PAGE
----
'Why Are People Dying?'
Some Back Home Wonder, 'Why Are People Dying?'
By Monica Davey
The New York Times
Monday 02 June 2003
Somewhere along the way, the military families had stopped bracing so hard for the possibility of terrible news. Baghdad was taken, the statues had toppled, and the war seemed to be winding down. So at home, the relatives of service members said they began to sleep more deeply and to eat again. Some turned off televisions that had run for weeks. A few dared to plan homecoming parties.
One day in late April, Mary Arnold opened an e-mail message and felt the first traces of relief settle in her. Her marine son, Andrew Todd Arnold, a chief warrant officer, was preparing to leave Iraq for Kuwait, the message said, where he would start cleaning up the 18 howitzers he had been responsible for. Surely this meant it was over.
"That morning, when I saw it in writing," Ms. Arnold said, "I thought, `O.K., God, thank you. He's made it.' "
Hours later, at 10:15 p.m., the doorbell rang at Ms. Arnold's home in Spring, Tex. She spotted two marines through the peephole, she said, and began to scream. Mr. Arnold, who signed up for service 11 years ago and who spent his downtime watching Nascar and fishing and listening to country music, died on a firing range with two other marines on April 22, when a rocket-propelled grenade launcher they were testing malfunctioned.
Even as Americans viewed the conflict with Iraq as mostly over and the nation's attention turned elsewhere, the Department of Defense reported the deaths of about 40 service members in the past six weeks. About three-fourths of the deaths came after May 1, the day President Bush formally declared the end of major combat operations. Deaths over the past six weeks were fewer than at the height of the struggle: three times as many Americans were killed in the month after the war began. But for families who had just begun to allow themselves to think their loved ones might be safe, the news was all the more jarring, the numbers impossible to consider.
"We won the war, so why are people dying?" asked Fran Stall, whose companion is the father of Sgt. Troy David Jenkins, who died on April 24. "I don't understand why this keeps happening. We have guys getting killed every day."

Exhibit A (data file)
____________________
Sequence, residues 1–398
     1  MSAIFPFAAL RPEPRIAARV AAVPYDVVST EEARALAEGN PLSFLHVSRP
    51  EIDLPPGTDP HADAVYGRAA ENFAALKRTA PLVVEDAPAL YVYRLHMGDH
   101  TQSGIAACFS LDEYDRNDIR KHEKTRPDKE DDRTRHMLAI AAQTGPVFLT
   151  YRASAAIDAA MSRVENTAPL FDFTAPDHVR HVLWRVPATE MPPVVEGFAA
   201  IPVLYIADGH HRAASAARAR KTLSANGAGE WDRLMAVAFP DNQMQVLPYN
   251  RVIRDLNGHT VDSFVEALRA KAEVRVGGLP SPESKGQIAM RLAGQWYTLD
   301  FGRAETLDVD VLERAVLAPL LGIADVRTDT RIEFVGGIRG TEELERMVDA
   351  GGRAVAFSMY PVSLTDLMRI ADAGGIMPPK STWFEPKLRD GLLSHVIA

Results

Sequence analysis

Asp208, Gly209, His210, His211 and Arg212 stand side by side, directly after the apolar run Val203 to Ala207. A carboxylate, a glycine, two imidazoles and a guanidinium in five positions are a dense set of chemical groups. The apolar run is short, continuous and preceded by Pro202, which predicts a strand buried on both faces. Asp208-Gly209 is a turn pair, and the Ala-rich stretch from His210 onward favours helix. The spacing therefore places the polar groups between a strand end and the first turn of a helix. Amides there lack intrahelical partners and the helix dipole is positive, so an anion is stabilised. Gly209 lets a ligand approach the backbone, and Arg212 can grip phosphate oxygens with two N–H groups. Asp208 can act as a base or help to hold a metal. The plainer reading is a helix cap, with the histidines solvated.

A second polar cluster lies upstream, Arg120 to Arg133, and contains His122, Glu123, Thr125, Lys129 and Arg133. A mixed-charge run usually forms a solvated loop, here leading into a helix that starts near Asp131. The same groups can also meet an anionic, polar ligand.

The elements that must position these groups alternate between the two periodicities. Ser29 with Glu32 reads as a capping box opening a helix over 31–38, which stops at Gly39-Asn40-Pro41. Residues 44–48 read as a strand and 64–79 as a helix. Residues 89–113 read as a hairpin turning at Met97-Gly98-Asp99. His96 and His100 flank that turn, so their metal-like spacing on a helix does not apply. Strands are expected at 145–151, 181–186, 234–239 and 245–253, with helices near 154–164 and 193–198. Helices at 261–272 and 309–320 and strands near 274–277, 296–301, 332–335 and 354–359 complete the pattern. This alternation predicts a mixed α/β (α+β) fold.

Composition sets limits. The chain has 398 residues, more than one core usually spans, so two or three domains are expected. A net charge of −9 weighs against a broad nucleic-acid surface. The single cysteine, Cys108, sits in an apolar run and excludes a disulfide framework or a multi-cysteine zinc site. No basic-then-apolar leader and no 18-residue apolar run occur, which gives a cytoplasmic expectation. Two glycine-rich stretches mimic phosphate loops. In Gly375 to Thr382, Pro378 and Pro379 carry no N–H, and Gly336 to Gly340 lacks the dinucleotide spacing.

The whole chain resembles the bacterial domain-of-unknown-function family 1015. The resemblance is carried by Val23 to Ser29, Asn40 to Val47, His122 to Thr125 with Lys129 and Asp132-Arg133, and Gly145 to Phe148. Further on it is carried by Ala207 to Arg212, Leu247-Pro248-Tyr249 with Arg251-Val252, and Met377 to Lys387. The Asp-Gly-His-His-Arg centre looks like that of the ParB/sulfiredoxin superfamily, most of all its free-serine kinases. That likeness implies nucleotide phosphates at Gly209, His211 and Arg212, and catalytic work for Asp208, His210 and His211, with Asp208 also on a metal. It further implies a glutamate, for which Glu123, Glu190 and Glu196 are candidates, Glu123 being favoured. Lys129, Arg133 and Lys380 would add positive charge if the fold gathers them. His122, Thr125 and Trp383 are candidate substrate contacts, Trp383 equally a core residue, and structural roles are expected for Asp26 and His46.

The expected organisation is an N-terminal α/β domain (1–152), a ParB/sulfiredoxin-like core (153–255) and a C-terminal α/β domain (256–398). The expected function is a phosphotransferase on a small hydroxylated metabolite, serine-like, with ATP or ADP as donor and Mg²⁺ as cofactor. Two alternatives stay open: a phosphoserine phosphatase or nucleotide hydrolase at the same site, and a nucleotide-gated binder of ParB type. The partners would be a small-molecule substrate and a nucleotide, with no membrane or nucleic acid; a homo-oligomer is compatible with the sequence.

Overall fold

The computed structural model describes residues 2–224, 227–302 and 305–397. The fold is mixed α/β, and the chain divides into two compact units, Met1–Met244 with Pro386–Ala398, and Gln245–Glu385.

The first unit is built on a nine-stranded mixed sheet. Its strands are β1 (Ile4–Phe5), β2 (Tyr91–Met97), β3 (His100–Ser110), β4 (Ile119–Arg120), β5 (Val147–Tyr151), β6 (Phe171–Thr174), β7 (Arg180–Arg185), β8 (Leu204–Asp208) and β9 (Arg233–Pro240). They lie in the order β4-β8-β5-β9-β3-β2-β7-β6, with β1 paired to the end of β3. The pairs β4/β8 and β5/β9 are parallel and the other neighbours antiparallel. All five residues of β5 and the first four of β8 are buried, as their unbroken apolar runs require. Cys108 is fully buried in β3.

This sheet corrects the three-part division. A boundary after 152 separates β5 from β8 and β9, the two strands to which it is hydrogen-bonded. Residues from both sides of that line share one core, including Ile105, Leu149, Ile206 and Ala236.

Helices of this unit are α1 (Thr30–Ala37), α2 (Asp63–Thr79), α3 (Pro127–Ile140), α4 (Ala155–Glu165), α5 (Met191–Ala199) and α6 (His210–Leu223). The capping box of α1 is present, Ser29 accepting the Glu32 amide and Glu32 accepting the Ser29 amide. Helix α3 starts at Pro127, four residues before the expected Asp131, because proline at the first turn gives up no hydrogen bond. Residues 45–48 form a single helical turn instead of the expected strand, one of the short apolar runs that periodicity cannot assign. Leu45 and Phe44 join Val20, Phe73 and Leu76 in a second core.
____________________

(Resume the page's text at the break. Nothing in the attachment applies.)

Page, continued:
They have been killed in a string of sudden attacks assaults that have grown far more common in the past week and have begun raising questions among some families about whether there are enough United States forces in Iraq to handle mounting resistance. Soldiers have been shot at as they stood guard at vehicle checkpoints. They have been ambushed as they traveled along roads in convoys.
Maj. Mathew E. Schram of the Army died on Memorial Day when his military convoy was fired on. In Wisconsin, Major Schram's sister, Susan Kuske, said that she had known he would still be facing "nitty-gritty stuff" in the tense period after Saddam Hussein lost power, but that she had put her fears "somewhere in the back" of her thoughts. "I guess you never know. It's heart-wrenching, but I expect we will lose more."
More of the service members have died in accidents than in attacks. A tank plunged from a riverbank. A gun went off as a soldier cleaned it. A Humvee hit a parked trailer. A helicopter crashed. A transport truck rolled over. A rocket-propelled grenade launcher, the one Mr. Arnold was near, malfunctioned.
In late May, the Defense Department announced plans to cut in half the rate of "mishaps" over the next two years. The plan was prompted by an increase in accidents from 2001 to 2002, not by events in Iraq, according to a statement issued by the department in response to questions. Still, the department said it was "concerned about the number of accidents in Iraq," adding, "We do not tolerate preventable accidents anywhere."
Killed on the firing range beside Mr. Arnold were Chief Warrant Officer Robert William Channell Jr., a career marine, and Lance Cpl. Alan Dinh Lam, who was starting out.
Three days before his death, Mr. Channell, 36, had called home for the first time since the war started. He was safe, he told his wife, Joyce. He hoped to be back to North Carolina around Independence Day. He had all sorts of plans for fun with their daughter, who is 5.
"He was ready to come home," Ms. Channell said. She knew even then, she said, that she would not be fully relieved until she saw her husband at the door, but the call made her feel that much more upbeat. "I felt like it was over," she said.